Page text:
Here's what is coming soon to NeurologyLive.
Every week, the NeurologyLive staff prepares this preview of what to expect from our coverage. This week on NeurologyLive, there are a number of hot topics that we will be posting throughout the week.
The NeurologyLive Mind Moments podcast recently aired a look back on 2020 with Episode 25, titled, "2020 Wrap Up: Silver Linings." The episode includes an interview with Jennifer Frontera, MD, neuro-intensivist, NYU Langone Health, who updated us on her latest experiences working on the front lines of the pandemic, as well as a number of specialists across the breath of neurology who offered their silver linings from an incredibly challenging year in medicine.
To subscribe on your favorite podcast player, click here.
This week’s NeuroVoices features Raymond Sanchez, MD chief medical officer, Cereval. He offered an update on the progress the company is making in its phase 3 development of tavapadon, which is being assessed for the treatment of both early- and late-stage Parkinson’s disease. He spoke about the orally-bioavailable, once-daily partial agonist that selectively targets dopamine D1/D5 receptor subtypes and what to expect from that ongoing trial.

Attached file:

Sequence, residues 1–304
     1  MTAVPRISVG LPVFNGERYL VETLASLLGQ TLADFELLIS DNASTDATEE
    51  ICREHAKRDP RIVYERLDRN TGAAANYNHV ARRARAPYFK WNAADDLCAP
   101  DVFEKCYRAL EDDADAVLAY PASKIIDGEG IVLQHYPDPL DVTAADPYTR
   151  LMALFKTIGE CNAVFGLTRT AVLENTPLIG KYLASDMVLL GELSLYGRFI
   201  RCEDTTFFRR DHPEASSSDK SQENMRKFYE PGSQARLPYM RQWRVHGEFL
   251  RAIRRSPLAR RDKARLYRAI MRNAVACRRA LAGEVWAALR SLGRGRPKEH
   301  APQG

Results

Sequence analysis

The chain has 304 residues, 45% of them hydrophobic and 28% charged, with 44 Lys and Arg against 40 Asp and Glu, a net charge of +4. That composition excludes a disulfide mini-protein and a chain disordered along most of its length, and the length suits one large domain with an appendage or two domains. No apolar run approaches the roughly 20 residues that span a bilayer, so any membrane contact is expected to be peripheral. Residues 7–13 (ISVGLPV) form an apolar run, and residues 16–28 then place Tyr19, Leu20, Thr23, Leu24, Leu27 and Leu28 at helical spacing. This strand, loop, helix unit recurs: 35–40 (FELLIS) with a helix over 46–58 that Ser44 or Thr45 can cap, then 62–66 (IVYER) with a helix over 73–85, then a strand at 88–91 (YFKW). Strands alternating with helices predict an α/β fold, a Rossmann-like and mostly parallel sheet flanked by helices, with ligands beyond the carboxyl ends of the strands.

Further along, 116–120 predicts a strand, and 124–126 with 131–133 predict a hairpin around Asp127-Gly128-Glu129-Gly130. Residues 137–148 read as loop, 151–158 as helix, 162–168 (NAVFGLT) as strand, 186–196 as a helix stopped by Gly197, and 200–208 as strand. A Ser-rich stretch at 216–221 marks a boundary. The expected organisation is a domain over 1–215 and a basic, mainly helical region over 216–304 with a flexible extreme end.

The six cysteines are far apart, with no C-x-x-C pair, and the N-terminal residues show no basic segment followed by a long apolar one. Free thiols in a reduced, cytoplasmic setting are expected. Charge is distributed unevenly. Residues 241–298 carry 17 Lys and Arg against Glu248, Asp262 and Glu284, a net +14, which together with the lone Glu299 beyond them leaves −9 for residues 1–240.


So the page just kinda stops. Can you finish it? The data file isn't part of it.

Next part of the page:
To check out the prior NeuroVoices conversations, click here.
The latest from our Cure Connections series, “The Multiple Sclerosis Patient Journey” also air this week! The series features a panel that includes experts such as June Halper, MSN, MSCN, Fredrick Foley, PhD, and Patricia Coyle, MD. Ann Moore, a patient with multiple sclerosis, and Kathy Zelles, her care partner, join the panel as well to discuss Moore’s unique journey and provide first-hand experience of what it’s like to live with MS.
To check out all of our patient-centered series, click here.
A conversation with Josh Chen, PhD, research assistant professor, Department of Neurology, NYU Langone Health, will air during NeurologyLive's segment on the Medical World News channel this Thursday, January 7, 2020. Chen sat down with us to discuss his recently published findings from a study assessing a white matter lesion mapping tool that analyzes tissue damage seen on MRI brain scans, detecting the early signs of cognitive decline with more than 70% accuracy.
To check out what's on the Medical World News channel now, click here.